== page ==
A: I have to say the past 12 months have just been, entirely unexpected and strange and surreal, but in like the, you know, in the best possible way. I shot this movie last summer, we edited it all fall, got it into Sundance, we won an award at Sundance, got a distributor with IFC and now we’re in theaters. We were going to be in 34 theaters, and then Ira Glass, who co-wrote “This American Life” and produced the film, he and I decided to make this campaign, to get it into more theaters, so we used a Twitter campaign, which is #BringSleepwalk. Now we’re in over 210 theaters, which is crazy.

We’re just really glad that people are liking it. One thing that was cool was that in the first weekend, we opened in New York and I did 35 live Q&A’s in New York City, and we ended up having the highest per-screen average for a first-time American filmmaker in history, but… we were on one screen, so the per-screen (average) is kind of a ridiculous concept because you’re only dividing by one.

Q: As a comedian who’s had his share of good and bad shows, what would you say is the most painfully awkward or embarrassing experience you’ve had doing stand-up?

A: I was asked to perform at a charity golf tournament and then I had to perform comedy after an 11-year-old boy who survived leukemia gave a speech... I was just so awkward and horrible because people were literally crying, and myself included, we were all crying and then I had to go up and tell jokes and I just completely bombed. I felt bad for bombing but I also felt bad, I felt I was just ruining the whole event, basically.

Q: What bits of pop culture – such as movies, music or TV – have you been obsessing over lately?

A: I’m a big podcast listener, so I’ll listen to Marc Maron’s podcast, “WTF”. He’s another one of my favorite comedians, Marc Maron, his podcast I listen to obsessively. You know, I listen to “This American Life” pretty obsessively.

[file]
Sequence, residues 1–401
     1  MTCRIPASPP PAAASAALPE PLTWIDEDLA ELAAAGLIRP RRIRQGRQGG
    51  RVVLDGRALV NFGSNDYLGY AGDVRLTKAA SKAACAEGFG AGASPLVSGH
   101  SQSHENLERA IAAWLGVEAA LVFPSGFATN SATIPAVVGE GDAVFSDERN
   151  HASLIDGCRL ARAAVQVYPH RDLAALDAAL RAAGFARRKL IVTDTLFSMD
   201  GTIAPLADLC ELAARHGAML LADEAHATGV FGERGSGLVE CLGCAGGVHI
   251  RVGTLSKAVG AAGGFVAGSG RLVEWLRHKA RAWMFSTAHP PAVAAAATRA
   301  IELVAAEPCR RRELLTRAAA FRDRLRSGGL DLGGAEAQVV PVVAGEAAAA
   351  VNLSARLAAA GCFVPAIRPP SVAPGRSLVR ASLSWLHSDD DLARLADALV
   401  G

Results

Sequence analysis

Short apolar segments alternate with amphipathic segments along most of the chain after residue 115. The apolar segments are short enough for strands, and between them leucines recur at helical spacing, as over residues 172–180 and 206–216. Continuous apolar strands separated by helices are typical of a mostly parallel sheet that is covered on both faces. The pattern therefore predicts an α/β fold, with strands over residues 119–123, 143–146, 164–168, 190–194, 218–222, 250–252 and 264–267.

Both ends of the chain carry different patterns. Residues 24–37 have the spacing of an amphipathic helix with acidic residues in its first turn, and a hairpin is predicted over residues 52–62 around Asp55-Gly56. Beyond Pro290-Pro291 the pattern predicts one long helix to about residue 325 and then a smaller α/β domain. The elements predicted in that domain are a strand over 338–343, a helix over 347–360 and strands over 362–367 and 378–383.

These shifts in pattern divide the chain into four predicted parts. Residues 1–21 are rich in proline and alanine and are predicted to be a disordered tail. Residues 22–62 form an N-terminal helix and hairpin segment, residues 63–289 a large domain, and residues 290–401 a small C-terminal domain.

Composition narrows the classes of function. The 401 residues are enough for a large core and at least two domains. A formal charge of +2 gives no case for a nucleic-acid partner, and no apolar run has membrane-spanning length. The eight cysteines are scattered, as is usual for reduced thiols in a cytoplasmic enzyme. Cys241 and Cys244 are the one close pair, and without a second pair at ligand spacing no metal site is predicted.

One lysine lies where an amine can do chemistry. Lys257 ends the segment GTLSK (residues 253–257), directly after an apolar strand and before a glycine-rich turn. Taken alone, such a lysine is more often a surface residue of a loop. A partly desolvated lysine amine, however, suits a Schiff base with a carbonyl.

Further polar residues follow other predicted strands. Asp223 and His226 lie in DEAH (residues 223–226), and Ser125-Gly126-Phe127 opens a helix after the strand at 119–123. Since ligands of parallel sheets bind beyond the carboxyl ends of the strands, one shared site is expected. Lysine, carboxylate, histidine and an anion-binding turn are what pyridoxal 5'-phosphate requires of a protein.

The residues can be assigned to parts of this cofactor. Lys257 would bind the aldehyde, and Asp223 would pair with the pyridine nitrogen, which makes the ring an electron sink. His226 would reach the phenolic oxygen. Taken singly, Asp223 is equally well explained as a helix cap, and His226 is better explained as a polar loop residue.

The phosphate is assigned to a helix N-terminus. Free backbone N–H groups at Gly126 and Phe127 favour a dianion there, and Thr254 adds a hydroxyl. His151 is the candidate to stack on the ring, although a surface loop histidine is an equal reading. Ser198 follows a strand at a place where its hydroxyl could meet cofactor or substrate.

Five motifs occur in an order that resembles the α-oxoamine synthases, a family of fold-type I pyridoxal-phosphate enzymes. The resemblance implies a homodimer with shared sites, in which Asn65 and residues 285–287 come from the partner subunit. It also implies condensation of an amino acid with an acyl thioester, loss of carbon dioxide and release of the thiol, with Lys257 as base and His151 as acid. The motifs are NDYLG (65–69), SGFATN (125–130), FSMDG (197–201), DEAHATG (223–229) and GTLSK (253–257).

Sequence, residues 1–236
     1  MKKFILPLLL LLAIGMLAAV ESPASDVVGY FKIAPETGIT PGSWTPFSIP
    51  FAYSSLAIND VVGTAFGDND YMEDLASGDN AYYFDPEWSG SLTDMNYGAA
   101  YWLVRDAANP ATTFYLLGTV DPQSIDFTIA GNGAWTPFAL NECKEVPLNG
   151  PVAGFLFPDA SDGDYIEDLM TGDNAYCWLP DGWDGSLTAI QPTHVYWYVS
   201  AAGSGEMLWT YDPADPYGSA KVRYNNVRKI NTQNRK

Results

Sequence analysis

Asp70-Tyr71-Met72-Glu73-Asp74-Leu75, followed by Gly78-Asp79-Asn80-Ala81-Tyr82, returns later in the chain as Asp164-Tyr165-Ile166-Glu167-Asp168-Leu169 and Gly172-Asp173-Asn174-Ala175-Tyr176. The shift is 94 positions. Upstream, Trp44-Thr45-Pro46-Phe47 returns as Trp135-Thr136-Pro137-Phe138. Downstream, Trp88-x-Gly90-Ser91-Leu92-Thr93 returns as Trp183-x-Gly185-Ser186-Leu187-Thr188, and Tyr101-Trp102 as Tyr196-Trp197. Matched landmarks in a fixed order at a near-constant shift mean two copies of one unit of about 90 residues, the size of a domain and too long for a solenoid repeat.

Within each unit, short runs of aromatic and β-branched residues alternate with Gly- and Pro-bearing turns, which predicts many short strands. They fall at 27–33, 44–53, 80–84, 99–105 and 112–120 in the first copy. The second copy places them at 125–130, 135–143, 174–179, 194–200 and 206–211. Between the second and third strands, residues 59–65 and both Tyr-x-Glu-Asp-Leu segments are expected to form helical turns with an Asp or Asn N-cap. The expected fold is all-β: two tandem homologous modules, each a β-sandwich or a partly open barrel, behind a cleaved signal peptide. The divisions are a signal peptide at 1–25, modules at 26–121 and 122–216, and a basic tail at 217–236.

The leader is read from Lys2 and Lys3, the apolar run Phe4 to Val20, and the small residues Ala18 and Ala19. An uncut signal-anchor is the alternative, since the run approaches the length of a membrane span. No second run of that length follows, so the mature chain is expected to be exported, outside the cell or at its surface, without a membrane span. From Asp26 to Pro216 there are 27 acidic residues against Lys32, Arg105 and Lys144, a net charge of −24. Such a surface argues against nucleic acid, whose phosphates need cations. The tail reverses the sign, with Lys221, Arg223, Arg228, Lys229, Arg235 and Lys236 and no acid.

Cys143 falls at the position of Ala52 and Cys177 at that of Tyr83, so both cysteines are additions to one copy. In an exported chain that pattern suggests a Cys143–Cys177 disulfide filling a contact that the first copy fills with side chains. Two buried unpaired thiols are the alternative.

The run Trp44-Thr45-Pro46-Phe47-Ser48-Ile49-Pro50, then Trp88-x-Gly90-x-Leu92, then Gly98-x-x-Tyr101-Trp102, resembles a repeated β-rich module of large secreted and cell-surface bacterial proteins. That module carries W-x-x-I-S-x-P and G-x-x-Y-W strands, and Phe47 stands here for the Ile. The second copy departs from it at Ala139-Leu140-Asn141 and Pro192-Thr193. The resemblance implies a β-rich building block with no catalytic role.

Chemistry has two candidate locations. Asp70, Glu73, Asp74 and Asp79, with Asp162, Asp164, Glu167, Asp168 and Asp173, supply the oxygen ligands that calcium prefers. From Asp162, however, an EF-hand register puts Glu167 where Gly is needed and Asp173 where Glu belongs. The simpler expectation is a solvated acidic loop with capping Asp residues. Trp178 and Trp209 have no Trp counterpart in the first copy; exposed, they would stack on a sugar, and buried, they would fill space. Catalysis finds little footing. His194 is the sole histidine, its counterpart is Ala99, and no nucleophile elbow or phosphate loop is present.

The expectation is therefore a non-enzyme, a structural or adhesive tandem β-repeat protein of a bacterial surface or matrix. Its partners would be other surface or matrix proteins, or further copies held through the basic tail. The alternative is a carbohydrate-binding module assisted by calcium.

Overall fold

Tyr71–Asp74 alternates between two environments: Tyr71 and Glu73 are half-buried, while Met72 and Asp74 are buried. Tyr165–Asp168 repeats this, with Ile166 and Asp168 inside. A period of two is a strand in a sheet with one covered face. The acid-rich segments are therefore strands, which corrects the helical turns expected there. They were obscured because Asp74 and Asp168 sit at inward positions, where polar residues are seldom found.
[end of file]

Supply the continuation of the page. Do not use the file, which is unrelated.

I’ve just been seeing a ton of movies. I’m hosting the Gotham Awards, which is the independent film awards in New York, so I’m trying to phone up on pretty much every independent movie right now. There’s this film called “Hello I Must Be Going” that just came out, there’s a movie called “Beasts of the Southern Wild” that came out, it’s great. Yeah, just kind of catching up on all that stuff, but you know, there’s a lot of great movies. “Celeste and Jesse Forever” — that’s a great movie that’s out right now.

Q: At the end of “Sleepwalk With Me” we see your character in a sleeping bag wearing mittens as to avoid any more sleepwalking incidents (such as jumping out a two-story window). Do you sleep like that to this day?

A: I sleep in a sleeping bag but I do not wear the mittens because they’re uncomfortable, and I’ll have dreams about things that are hot, like doing hot activities. Like I’ll be in a sauna or taking a shower, things like that. But yeah, I do, I sleep in a sleeping bag and my wife calls it my “pod.” When we’re getting ready for bed, she’ll be like, “Get in your pod!”

If you go

What: Mike Birbiglia’s My Girlfriend’s Boyfriend

When: 8 p.m. Friday, Sept. 21

Where: Mesa Arts Center, 1 E. Main St.

Cost: $25-$35

Information: (480) 644-6500 or www.mesaartscenter.com